Like many Arkansas businesses, Delta Dirt Distillery is built on a solid foundation of multigenerational family farming. As the only Black-owned farm-to-bottle distillery in the U.S., Delta Dirt is rooted in history:
► We were cultivated by my great-grandfather’s 86-acre farm and the brave actions his son, my grandfather, took to acquire the farm from sharecropping in 1949.
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► My dad’s transformational steps to grow vegetables, specifically sweet potatoes, saved the farm from peril and led us to where we are today.
► My wife, sons and I now carry the mantle by using sweet potatoes grown on the farm to craft our premium, award-winning vodka.
► We are committed to building a farm-based business that has the potential to thrive for generations.
The Arkansas Delta has been an important home for our family and business for more than 100 years. When it came time to open our business, we knew we wanted to breathe new life and energy into the area by opening our distillery in Helena-West Helena’s historic downtown — an area desperately in need of revitalization. We took a risk building a distillery in the middle of town, but I’ve been pleasantly surprised and a little caught off guard by the positive attention our business has brought to the community. It gives us so much joy to see the pride our neighbors have in purchasing items made in their hometown as gifts for family and friends.
Our distillery is anchored on the corner of historic Cherry Street. But, like many things in the Delta, downtown has come into disrepair. We hope to change that! That’s why I serve as the Phillips County Chamber of Commerce president. Like many others across the state, we hope to cultivate intentional projects to support the growth of business and tourism in our region.
Another thing we are doing to draw attention to the Delta’s needs is working with the Winthrop Rockefeller Foundation (WRF) to rewrite the narrative around ALICE (Asset-Limited, Income Constrained, Employed) Arkansans. The ALICE designation extends far beyond the Delta, with more than 40% of hardworking Arkansans struggling to achieve financial stability. Without proper assistance, these conditions become insurmountable to so many wanting to start and sustain their own business. I believe new approaches and intersectional collaborations can unlock potential for Arkansas entrepreneurs. In fact, we’re launching a pilot program in Helena-West Helena to connect downtown leasable spaces and existing small-business owners to aspiring entrepreneurs to offer advice and a pop-up workspace.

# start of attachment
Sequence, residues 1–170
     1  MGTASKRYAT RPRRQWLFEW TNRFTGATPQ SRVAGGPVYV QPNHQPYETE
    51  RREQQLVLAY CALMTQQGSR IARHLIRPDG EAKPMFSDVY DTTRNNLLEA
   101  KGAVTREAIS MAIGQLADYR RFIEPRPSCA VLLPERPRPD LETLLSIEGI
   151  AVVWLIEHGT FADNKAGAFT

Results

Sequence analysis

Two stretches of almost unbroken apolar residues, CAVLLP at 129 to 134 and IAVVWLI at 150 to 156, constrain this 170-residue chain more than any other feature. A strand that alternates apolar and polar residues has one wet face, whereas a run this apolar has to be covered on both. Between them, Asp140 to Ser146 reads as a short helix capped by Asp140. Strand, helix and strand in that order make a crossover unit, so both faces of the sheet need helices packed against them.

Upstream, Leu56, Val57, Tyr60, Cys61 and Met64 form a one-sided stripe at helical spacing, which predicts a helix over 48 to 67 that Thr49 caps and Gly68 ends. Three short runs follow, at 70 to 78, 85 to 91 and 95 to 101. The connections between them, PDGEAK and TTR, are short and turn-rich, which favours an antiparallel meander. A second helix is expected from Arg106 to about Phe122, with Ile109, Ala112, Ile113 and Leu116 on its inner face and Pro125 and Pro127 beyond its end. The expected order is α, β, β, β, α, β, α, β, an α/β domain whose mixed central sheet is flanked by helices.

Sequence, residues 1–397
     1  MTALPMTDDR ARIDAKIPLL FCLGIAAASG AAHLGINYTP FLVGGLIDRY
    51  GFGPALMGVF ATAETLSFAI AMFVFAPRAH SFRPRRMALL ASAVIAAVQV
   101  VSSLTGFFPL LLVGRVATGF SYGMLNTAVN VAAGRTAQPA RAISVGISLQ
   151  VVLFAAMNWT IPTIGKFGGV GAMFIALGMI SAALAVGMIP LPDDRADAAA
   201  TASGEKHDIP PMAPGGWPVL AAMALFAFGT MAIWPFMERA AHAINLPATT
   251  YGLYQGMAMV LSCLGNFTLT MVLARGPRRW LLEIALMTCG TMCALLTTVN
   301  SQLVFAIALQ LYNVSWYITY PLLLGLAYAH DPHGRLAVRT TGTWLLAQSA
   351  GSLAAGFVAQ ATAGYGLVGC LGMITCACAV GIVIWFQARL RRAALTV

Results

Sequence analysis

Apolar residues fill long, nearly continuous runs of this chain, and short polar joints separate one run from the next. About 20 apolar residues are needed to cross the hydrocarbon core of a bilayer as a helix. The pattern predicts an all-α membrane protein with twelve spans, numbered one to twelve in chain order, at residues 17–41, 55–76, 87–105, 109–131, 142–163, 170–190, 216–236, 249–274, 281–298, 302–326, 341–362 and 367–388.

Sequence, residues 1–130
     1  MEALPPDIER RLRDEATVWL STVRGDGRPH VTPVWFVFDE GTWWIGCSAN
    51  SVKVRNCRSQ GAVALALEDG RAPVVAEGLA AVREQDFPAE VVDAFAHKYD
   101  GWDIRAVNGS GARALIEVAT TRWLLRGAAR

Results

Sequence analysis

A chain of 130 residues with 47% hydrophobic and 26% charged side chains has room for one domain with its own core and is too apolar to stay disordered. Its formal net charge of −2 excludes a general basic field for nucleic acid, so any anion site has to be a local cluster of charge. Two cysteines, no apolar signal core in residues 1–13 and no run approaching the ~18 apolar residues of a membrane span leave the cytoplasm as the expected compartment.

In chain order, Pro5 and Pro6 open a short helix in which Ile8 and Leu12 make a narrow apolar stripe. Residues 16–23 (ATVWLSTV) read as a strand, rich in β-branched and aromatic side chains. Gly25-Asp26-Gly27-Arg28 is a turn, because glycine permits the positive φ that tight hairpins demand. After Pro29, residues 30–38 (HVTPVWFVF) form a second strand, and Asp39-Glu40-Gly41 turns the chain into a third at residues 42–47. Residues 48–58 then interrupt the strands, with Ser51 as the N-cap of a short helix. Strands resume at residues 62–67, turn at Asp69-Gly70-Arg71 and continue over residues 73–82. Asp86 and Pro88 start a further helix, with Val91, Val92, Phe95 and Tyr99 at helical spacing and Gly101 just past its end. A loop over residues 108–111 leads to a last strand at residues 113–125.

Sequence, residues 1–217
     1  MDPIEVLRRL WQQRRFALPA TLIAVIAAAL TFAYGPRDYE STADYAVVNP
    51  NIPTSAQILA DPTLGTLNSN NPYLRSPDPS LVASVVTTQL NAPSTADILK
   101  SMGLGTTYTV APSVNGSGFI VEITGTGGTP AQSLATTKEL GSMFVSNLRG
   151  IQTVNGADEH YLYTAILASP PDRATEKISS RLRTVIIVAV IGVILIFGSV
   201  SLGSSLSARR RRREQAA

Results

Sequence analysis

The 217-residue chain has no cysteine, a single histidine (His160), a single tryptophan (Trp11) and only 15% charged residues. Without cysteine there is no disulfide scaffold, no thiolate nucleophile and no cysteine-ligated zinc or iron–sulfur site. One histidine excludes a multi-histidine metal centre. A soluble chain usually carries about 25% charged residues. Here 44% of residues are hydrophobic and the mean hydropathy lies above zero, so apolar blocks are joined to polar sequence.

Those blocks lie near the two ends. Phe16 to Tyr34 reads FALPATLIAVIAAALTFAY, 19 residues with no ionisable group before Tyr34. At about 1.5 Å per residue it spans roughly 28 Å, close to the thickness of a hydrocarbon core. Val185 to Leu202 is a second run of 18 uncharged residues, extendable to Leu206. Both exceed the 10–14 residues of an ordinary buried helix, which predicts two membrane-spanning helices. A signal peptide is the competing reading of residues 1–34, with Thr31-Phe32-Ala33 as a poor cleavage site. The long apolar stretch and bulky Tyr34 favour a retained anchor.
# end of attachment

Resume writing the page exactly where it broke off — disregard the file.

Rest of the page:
In speaking with Cory Anderson, chief innovation officer of WRF, he agrees that entrepreneurship is but one key to a multifaceted solution to improve economic outcomes for ALICE. He once told me, “Beyond working toward innovative solutions to help new and emergent entrepreneurs get started and scale their ideas, business leaders can also support ALICE by offering competitive wages, family-supportive benefits, and flexible policies that provide a thriving quality of life.” And that is what I urge you to do.
Despite generational differences, my dad and granddad passed down similar leadership lessons to me. They said to decide what you believe to be most important and relentlessly focus on finding ways to make that happen. And my dad said that you should try to help others along your own journey. That’s why I’m partnering with WRF and Reimagine Arkansas on their Starshine Narrative Summit on June 30 at the Robinson Center in Little Rock.
Arkansas has so much to offer its families, business owners, neighborhoods and communities. As fellow business leaders, I ask for your help to ensure Arkansas is a place where everyone can thrive. Join us in shining a light on ALICE Arkansans; join us as we craft a narrative that elevates and empowers all corners of the state.